DB: So okay, yeah, let’s start there. So The World After – I don’t know if you have time – but it’s a half hour film, which was initially presented at Focal Point Gallery in Southend. And it is a site specific work for a place called Canvey Wick in Essex, which is on Canvey Island. I don’t know if you know about Canvey Island, but it’s a place that was initially I think four islands, which then were combined in the 17th century using Dutch technology into one island that’s below sea level. So you know, it’s always at risk of being inundated by by the sea, it’s right on the estuary. But they used, you know, all the silt and sand they and built large dikes and it’s, they had a terrible flood there in 1953, where tens of people died. It was the same flood that killed hundreds of people in Holland as well. There was a really high spring tide and it upped the walls. Of course, you know, they’re imminently at danger of sea level rise. But the site particularly I found interesting because it had been due to be an oil reserve. So somewhere where they would store oil – tankers would come in on the Thames, and then stop at the end of this enormous jetty. It’s almost two kilometres long – from the site going out into the deep water, and all the oil would be then siphoned off and stored in these great big tankers and kind of used for various things around. But it never happened because of the oil crash in 1973. So it just became, the land was abandoned, and it became just this kind of derelict site for about 40 years. And they, kind of – obviously, like teenagers went there, and occasional dog walkers. And it became, they started looking at it, and it was discovered that it was an incredibly rich habitat, it’s one of the most biodiverse spaces in the UK, because of the mixture of types of soil there. Because of the use of the silt and sand and then kind of being on this shipping route so they’d get all of these plants and arachnids coming on. So it’s got wild orchids and unique bees.

PP: Is there a spider…?

DD: I believe so.

Audience: Is that alien species that have come?

DD: No. Well, they’ve, some are adapted to that area and some, there are aliens as well that like, I don’t know, there’s a succulent you can see in this film, which like, succulents aren’t sort of native to, to there, so… But yeah, I guess that’s one of the things I’m quite interested in – that whole concept of what is a natural space. But yes. And this tale of rebirth from industrial, the depths of industrial use into kind of a living space again, these are these the kind of tarmac areas and you see that these are these huge tarmac circles that were the basis for the oil tanks. So they’re still there, mostly used by people coming in at midnight and cycling around, going around on motorbikes, but you see the tyre tracks and occasional beer bottles and… So yes, Claire and I went there for a year, filming through the year, documenting the seasons. And then, but I also wanted to bring in a, an imagined future world of what, what would happen if the climate crisis turned into a kind of cataclysm, and we had to escape the surface. If the air was no longer fit to breathe – Australian wildfires etc creating this smog – and water’s getting more scarce, food supplies, everything. So imagine this world where kind of a certain amount of people managed escape into underground silos. Huge great bunkers underground sort of, you know, can only really exist in the fantasy space because they’re so huge and all encompassing, and they’re only emerging now, 8000 years later, after this magical force of ‘Essence’ has been released by by the by the Earth, by the Earth’s crust to try and counter this, yeah, environmental destruction. So it’s sort of like a Gaia force. And that yeah, that’s The World After. And then we started creating this collaborative space with a bunch of gamers, tabletop roleplay games from Essex from the, from the area that we’re talking about. So it sort of became a game about the space that they inhabit, in a way.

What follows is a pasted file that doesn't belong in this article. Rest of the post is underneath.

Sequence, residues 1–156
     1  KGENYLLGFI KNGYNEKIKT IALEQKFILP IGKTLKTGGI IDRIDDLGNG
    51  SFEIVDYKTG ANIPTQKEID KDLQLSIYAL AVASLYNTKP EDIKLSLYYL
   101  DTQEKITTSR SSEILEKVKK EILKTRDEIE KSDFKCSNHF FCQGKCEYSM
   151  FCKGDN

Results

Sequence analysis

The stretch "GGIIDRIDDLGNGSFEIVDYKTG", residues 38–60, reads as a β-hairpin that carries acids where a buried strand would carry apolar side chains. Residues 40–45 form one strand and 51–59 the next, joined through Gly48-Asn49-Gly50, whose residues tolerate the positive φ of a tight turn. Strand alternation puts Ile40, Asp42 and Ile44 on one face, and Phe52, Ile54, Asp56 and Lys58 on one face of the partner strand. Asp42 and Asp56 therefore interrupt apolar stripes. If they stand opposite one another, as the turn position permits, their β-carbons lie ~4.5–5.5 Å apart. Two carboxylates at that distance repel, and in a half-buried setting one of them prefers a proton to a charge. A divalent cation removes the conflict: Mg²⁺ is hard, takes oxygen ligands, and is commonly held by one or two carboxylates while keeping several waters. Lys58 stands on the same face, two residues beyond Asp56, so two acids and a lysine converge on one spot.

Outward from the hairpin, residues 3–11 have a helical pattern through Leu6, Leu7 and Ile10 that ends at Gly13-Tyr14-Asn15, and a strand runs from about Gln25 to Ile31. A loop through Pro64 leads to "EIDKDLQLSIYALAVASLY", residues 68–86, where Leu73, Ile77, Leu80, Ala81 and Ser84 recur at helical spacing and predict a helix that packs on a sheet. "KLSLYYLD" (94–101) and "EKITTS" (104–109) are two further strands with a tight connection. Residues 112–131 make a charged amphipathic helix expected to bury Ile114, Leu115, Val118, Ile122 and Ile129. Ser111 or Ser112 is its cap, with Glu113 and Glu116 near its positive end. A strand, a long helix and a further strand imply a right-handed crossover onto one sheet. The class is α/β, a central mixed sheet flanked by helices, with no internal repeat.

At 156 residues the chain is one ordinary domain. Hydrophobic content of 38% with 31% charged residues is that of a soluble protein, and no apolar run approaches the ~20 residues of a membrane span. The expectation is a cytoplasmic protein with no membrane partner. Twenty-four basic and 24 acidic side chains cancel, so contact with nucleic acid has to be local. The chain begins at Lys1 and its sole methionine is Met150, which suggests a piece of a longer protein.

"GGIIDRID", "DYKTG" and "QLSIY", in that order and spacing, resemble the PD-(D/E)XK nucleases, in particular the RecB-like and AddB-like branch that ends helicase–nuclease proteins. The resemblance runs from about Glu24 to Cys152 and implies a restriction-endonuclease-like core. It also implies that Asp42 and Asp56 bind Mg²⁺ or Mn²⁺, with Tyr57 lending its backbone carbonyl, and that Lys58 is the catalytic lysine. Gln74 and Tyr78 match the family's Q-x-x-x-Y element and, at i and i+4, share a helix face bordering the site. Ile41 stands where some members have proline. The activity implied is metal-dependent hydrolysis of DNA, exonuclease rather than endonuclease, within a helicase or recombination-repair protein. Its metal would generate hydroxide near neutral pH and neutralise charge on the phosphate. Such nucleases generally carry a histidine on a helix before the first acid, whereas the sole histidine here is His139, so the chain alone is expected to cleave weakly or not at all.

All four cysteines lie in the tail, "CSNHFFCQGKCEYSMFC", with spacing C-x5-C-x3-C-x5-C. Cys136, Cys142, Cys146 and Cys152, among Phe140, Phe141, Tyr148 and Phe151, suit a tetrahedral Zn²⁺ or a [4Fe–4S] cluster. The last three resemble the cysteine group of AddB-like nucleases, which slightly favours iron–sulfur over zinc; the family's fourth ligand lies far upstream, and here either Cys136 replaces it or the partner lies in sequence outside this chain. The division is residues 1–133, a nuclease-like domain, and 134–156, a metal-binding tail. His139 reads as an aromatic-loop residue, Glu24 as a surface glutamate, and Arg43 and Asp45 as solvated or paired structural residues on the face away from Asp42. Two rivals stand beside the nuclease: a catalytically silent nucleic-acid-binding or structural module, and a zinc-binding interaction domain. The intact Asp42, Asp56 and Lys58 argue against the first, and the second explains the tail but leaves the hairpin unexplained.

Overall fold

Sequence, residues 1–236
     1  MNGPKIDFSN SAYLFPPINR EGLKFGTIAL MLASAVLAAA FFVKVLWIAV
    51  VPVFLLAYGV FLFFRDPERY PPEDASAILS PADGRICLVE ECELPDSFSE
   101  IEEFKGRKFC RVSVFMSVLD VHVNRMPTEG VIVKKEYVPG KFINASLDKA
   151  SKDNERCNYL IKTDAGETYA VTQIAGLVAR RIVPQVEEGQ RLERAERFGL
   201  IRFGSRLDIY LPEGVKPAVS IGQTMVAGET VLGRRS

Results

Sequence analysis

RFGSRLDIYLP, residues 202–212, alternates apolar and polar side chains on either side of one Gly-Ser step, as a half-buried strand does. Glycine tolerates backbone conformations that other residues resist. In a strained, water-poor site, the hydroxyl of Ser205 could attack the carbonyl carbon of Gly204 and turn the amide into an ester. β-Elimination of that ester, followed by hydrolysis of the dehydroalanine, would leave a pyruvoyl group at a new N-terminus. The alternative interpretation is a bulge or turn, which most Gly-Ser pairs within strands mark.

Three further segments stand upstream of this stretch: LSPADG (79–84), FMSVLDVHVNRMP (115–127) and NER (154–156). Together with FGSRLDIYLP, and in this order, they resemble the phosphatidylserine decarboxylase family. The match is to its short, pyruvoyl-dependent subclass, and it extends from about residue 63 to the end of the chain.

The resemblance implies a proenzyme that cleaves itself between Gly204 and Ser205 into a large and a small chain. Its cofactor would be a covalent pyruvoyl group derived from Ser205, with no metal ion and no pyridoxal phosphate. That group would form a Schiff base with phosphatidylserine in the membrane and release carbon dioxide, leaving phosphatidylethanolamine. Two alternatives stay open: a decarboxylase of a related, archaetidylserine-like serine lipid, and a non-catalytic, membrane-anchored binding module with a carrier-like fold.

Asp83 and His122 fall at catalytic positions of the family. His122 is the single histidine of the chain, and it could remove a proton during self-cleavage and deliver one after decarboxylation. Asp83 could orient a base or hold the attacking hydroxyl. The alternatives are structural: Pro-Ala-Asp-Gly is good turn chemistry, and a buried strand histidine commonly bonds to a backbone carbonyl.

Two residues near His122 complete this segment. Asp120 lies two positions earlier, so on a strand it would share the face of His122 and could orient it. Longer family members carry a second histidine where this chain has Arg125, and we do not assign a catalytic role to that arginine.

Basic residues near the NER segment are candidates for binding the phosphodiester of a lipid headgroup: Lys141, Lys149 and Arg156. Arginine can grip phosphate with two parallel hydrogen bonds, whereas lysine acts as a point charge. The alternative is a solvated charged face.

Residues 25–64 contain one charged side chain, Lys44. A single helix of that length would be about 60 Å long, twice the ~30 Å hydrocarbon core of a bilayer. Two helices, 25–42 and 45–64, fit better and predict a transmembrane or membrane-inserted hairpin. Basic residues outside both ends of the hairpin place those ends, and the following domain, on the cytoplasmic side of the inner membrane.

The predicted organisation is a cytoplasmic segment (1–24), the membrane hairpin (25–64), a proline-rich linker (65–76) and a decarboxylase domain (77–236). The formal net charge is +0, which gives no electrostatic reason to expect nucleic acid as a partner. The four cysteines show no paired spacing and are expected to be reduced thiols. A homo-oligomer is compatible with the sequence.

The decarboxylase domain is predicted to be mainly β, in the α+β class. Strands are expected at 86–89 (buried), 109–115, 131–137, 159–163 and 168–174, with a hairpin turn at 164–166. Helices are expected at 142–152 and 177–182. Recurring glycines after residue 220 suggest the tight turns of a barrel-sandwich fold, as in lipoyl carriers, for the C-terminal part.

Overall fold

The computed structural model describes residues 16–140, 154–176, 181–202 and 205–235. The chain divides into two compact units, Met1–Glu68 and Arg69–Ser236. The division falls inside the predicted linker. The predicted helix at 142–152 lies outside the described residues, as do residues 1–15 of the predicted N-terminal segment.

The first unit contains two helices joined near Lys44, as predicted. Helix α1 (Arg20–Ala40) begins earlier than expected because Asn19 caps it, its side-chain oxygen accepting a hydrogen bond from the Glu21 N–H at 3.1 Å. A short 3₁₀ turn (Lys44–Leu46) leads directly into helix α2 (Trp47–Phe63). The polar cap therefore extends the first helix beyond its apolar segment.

And so yeah, then we were mentioning that each of these different there were a whole bunch of different havens, and each of them would have evolved completely independently. So they would have evolved in different ways and none of them would be homo sapiens anymore, there’d be something else – this new, this new creature, like you have the Neanderthal, the Denisovans, etc – you have now the Shard, the Dara there are all these different types of people. And now 8000 years later, they’re coming back onto the surface and trying to, they’re meeting each other for the first time, they’re kind of trying to make new connections and trying to forge some form of community solidarity out of this separation. So, so that’s the story of that book. And those, some of the stories from that inspired the text that goes with this. So it’s almost like I have a collection of stories from that time. So, it’s people looking back on our time as sort of a mythical, legendary time. But also kind of encountering this new space and just, just experiencing the raw reality of encountering insects. So this sort of reverie in nature, and thinking about the conflicts…